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  • Greg Hiebert

Cultivating Positive Emotion


In my book I wrote last year, “You Can’t Give What You Don’t Have” I indicated that one of most important habits to build into our lives with some degree of frequency is that of cultivating positive emotion. And for some crazy reason, the universe keeps sending me more and more validation of just how important positive emotion is in just about every endeavor of our lives. Greater positive emotion leads to success.

For example, take marriages. John Gottman, considered the foremost expert on marriage, has said that the two fundamental differences in healthy versus unhealthy marriages are the overall level of positive affect in the relationship and an ability to reduce negative affect during conflict resolution. What I found so interesting in Gottman’s research is that in his research he found no difference in healthy versus unhealthy relationships in regards to arguments and degree of conflict. What’s amazing is that Gottman concludes that 66% of the issues that all couples argue about never get resolved regardless of how healthy their relationships are. John builds upon studies from MIT that healthy couples keep the level of positive to negative affect at a ratio of 5:1 while the most unhealthy relationships have a positive to negative ratio of .8 to 1 which means that there are 1.25 negatives as there are for every positive. At MIT they said that the most effective Teams also maintained that same 5:1 positive to negative ratio and in several significant studies by Google, they were quite surprised that the best predictor of Team success across over 600 teams around the globe was not the make-up of the Team in terms of intelligence and talent but instead was how all Team members felt about their colleagues and the positive nature of their interactions.

I know for me that staying positive is an ongoing internal battle because I am genetically disposed to negative emotions, especially in regards to myself. I have faced a lifetime of fighting my deep insecurities of not being enough-not smart enough; not capable enough; not good looking enough; just…not enough. And even at a time when I had the most actively engaged prayer life, my prayers too frequently were asking God to forgive all my many failings, shortcomings, and flaws. Perhaps one of the greatest gifts I have given myself is my acceptance that I was a creation of God and that I had been richly blessed with an abundance of gifts and born into a family and life that was full and happy. I am very proud of that. In a recent assessment I took through Gallup regarding “Strengths Finder”, I found that my fifth-ranked strength was positivity. The difference that using that strength every day has made in my life is truly significant. And because it is a strength, not only do I leverage it, I find myself hunting for it and I find it everywhere. I travel frequently and so on any given day I encounter lots of service people-TSA Security lines, restaurants, rental cars, hotels, airlines personnel, client organization hallways and cafeterias, Lyfts and Taxis, and people on the aircraft I meet and experience. On any given day it is not unusual for me to encounter well over 100 people and I am honestly racking my brain to recall any encounter over the last several months that was not positive. Perhaps it is luck but I wonder if it isn’t my efforts to cultivate positivity as frequently as possible that in turn brings it back to me in more than full measure?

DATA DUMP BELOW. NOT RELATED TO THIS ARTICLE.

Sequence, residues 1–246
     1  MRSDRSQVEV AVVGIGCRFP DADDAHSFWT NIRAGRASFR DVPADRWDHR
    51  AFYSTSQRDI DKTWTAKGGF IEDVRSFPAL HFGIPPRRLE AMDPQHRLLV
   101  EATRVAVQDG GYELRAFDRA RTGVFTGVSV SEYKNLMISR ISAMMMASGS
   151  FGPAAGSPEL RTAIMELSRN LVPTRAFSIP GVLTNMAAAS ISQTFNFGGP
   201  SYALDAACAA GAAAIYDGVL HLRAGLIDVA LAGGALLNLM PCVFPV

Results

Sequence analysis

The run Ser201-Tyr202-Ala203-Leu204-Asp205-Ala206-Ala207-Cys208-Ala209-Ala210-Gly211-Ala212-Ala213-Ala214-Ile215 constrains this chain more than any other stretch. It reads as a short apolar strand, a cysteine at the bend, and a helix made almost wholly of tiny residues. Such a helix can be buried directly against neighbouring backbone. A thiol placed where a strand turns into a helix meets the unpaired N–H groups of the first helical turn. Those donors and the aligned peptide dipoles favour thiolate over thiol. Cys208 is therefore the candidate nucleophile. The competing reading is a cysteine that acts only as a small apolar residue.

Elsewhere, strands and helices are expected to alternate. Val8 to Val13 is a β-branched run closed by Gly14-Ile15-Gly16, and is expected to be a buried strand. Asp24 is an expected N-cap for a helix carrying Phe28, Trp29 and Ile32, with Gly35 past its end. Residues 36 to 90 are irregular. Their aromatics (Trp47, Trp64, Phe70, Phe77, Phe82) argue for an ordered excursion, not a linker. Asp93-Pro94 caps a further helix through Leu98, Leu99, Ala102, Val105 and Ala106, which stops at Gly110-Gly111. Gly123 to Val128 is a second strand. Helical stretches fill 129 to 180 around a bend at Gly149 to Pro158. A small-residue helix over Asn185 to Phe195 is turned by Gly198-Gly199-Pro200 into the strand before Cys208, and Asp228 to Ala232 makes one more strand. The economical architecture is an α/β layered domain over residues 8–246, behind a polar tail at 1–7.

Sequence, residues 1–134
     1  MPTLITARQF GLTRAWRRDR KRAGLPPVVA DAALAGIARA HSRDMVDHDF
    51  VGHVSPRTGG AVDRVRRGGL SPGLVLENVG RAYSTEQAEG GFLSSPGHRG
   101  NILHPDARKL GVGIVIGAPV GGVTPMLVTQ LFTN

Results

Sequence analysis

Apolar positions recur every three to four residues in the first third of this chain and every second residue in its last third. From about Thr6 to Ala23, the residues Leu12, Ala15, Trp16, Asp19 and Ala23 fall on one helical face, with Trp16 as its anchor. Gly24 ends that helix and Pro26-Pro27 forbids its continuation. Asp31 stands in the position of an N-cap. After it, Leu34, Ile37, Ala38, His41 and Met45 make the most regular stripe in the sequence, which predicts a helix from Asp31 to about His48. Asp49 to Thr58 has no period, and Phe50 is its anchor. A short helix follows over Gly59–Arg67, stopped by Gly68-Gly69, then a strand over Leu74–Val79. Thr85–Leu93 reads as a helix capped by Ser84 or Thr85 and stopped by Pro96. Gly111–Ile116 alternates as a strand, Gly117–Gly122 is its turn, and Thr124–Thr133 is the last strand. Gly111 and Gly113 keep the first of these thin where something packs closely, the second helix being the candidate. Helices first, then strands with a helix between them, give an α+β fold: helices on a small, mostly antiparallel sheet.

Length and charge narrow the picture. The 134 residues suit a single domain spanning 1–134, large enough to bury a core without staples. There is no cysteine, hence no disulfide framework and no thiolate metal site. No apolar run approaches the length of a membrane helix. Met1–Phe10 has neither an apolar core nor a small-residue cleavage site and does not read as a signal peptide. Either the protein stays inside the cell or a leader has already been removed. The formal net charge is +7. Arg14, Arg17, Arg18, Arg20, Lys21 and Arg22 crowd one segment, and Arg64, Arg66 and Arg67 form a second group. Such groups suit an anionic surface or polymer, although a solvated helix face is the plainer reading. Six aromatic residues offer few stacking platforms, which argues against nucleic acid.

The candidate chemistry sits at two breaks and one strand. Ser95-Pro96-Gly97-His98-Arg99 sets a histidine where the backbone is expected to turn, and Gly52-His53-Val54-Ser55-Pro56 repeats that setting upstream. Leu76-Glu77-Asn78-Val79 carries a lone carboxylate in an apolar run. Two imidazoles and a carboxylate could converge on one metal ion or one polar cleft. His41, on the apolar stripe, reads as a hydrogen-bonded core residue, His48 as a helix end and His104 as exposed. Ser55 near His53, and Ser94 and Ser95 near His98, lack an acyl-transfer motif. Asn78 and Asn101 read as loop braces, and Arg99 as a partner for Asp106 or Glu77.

Just yesterday I was heading to Louis Armstrong International Airport and arrived there at 6:02 pm. When I got there I realized that my 7:30 pm flight was delayed until 8:15 pm. I started to get dismayed but quickly caught myself and went into the Delta Crown Room ready to wait out the delay as positively as I could. As I checked into the lounge, the Delta service representative kindly said that the 5:42 pm flight was delayed until 6:16 pm and if I hurried to the plane she was sure I could get on as there were sufficient seats. I thanked her for her help, rushed to the gate. When I arrived at the gate, the boarding door was already closed but another Delta service presentative put me on the flight, opened the door and as I got on the plane the door closed behind me. You might be reading this and saying to yourself, “so what…people get on earlier flights all the time. What’s the big deal?!” However, these kinds of positive experiences happen to me all the time and the amount of kindness and positivity that is extended to me every day astounds me. Because I am incredibly grateful for this, I, in turn, want to express that gratitude with others that in turn causes others to extend gratitude, appreciation and kindness back to me in return. It is a wonderful, virtuous, and upward spiral that I am becoming more and more convinced is the pathway to a remarkable life and is well in the grasp of all of us if we choose.


©2018 by Greg Hiebert

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